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Displaying: 1-10 of 20 documents


1. Philosophy and Theology: Volume > 22 > Issue: 1/2
Caery A. Evangelist The Conceptual Content of Augustinian Illumination
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The prevailing interpretation of Augustine’s theory of divine illumination suggests that illumination provides the human mind with the content of our a priori concepts. While there is strong textual evidence to support this view, I contend it offers an incomplete picture of the work illumination does in Augustine’s epistemology. Based on an analysis of Augustine’s solution to the paradox of language acquisition in De magistro, I argue illumination also supplies the mind with the content of all our empirical concepts. In this text, Augustine calls our attention to the problem that learning the meaning of words by even the simplest of means—through direct acquaintance (i.e., by having an object pointed out to us and labeled with a name)—turns out to require a relatively sophisticated grasp of the word’s usage in the first place, one that depends on illumination to provide the content of all our universal concepts.
2. Philosophy and Theology: Volume > 22 > Issue: 1/2
Anna Marmodoro, Jonathan Hill Peter Abelard’s Metaphysics of the Incarnation
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In this paper, we examine Abelard’s model of the incarnation and place it within the wider context of his views in metaphysics and logic. In particular, we consider whether Abelard has the resources to solve the major difficulties faced by the so-called “compositional models” of the incarnation, such as his own. These difficulties include: the requirement to account for Christ’s unity as a single person, despite being composed of two concrete particulars; the requirement to allow that Christ is identical with the pre-existent Son, despite the fact that the pre-existent Son is a (proper) part of the incarnate Christ; and finally the requirement to avoid Nestorianism, i.e., the position that Christ’s proper parts are persons in their own right. We argue that Abelard does have adequate solutions to these problems. In particular, we show that his theories of relations and predication can be put to use in defence of a compositional account of the incarnation.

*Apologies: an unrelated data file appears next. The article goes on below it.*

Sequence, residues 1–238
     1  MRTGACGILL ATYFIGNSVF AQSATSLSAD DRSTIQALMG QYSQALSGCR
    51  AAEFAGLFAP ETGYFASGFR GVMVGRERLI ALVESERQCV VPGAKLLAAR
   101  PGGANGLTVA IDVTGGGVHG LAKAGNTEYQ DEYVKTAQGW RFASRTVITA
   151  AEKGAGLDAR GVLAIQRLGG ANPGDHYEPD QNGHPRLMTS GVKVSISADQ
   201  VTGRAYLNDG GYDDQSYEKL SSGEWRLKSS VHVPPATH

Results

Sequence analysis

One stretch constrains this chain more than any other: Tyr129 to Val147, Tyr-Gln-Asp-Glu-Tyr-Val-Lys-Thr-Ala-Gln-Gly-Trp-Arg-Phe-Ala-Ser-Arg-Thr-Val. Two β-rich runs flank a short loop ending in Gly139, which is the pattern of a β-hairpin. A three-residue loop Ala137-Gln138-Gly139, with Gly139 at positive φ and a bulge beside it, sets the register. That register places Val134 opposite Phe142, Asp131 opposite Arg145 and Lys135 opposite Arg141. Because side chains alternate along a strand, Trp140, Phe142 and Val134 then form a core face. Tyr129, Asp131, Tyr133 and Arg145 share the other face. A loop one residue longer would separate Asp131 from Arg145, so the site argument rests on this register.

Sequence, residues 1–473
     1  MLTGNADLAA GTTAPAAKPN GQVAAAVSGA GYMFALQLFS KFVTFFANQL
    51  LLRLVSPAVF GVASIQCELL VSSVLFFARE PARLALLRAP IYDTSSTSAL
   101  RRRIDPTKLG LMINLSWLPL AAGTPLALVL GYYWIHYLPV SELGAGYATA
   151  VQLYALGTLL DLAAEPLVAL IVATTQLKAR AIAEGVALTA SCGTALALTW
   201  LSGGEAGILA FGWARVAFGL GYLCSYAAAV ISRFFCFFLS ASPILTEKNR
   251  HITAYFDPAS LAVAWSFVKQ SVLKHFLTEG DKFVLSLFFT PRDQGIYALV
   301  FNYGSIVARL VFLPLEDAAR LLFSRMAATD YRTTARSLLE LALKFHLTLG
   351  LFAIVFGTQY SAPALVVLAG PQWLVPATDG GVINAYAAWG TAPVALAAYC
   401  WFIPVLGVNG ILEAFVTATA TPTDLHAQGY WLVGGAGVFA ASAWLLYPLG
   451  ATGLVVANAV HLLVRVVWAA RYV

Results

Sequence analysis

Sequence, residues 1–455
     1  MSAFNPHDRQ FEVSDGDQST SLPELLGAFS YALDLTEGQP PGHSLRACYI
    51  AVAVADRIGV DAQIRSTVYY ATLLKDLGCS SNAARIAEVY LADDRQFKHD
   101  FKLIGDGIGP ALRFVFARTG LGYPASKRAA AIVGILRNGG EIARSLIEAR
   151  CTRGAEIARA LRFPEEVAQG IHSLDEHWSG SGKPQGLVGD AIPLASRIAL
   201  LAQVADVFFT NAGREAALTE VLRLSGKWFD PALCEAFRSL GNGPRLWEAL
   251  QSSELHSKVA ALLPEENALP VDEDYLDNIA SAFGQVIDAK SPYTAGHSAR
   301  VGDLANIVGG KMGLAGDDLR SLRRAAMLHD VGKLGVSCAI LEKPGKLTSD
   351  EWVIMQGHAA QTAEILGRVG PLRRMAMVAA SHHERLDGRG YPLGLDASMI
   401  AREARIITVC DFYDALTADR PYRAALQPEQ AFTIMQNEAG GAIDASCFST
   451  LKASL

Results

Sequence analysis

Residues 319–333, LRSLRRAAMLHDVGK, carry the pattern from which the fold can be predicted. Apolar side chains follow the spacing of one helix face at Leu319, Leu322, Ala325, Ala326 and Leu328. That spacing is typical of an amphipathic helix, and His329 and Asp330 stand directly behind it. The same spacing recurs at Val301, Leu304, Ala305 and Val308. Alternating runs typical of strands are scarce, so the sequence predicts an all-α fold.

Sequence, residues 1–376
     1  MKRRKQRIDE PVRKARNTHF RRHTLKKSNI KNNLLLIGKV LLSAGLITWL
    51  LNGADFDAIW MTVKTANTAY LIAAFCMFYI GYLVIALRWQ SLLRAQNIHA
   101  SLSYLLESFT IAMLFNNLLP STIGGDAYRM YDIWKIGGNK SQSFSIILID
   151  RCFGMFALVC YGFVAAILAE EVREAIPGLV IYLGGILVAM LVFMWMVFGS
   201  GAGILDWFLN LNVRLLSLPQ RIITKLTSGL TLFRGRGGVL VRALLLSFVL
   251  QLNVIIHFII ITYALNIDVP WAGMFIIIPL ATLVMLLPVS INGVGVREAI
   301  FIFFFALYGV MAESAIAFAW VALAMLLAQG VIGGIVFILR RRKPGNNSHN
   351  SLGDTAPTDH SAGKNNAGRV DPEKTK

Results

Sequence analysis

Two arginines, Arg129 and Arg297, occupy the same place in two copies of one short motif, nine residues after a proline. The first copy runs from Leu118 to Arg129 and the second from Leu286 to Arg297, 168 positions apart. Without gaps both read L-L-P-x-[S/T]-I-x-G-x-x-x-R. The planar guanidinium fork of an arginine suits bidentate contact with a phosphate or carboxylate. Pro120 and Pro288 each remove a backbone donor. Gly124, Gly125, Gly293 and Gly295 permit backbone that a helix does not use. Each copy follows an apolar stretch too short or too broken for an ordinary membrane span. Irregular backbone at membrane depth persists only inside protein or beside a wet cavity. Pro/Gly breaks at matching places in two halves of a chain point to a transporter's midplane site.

3. Philosophy and Theology: Volume > 22 > Issue: 1/2
Fred Ablondi, J. Aaron Simmons Heretics Everywhere: On the Continuing Relevance of Galileo to the Philosophy of Religion
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By carefully considering Galileo’s letters to Castelli and Christina, we argue that his position regarding the relationship between Scripture and science is not only of historical importance, but continues to stand as a perspective worth taking seriously in the context of contemporary philosophical debates. In particular, we contend that there are at least five areas of contemporary concern where Galileo’s arguments are especially relevant: (1) the supposed conflict between science and religion, (2) the status and stakes of evidence, (3) the question of biblical infallibility in light of scientific progress, (4) metaphorical approaches to biblical hermeneutics, and (5) possible dialogical constraints on public discourse.
4. Philosophy and Theology: Volume > 22 > Issue: 1/2
Jonathan S. Marko Revisiting the Question: Is Anthony Collins the Author of the 1729 Dissertation on Liberty and Necessity?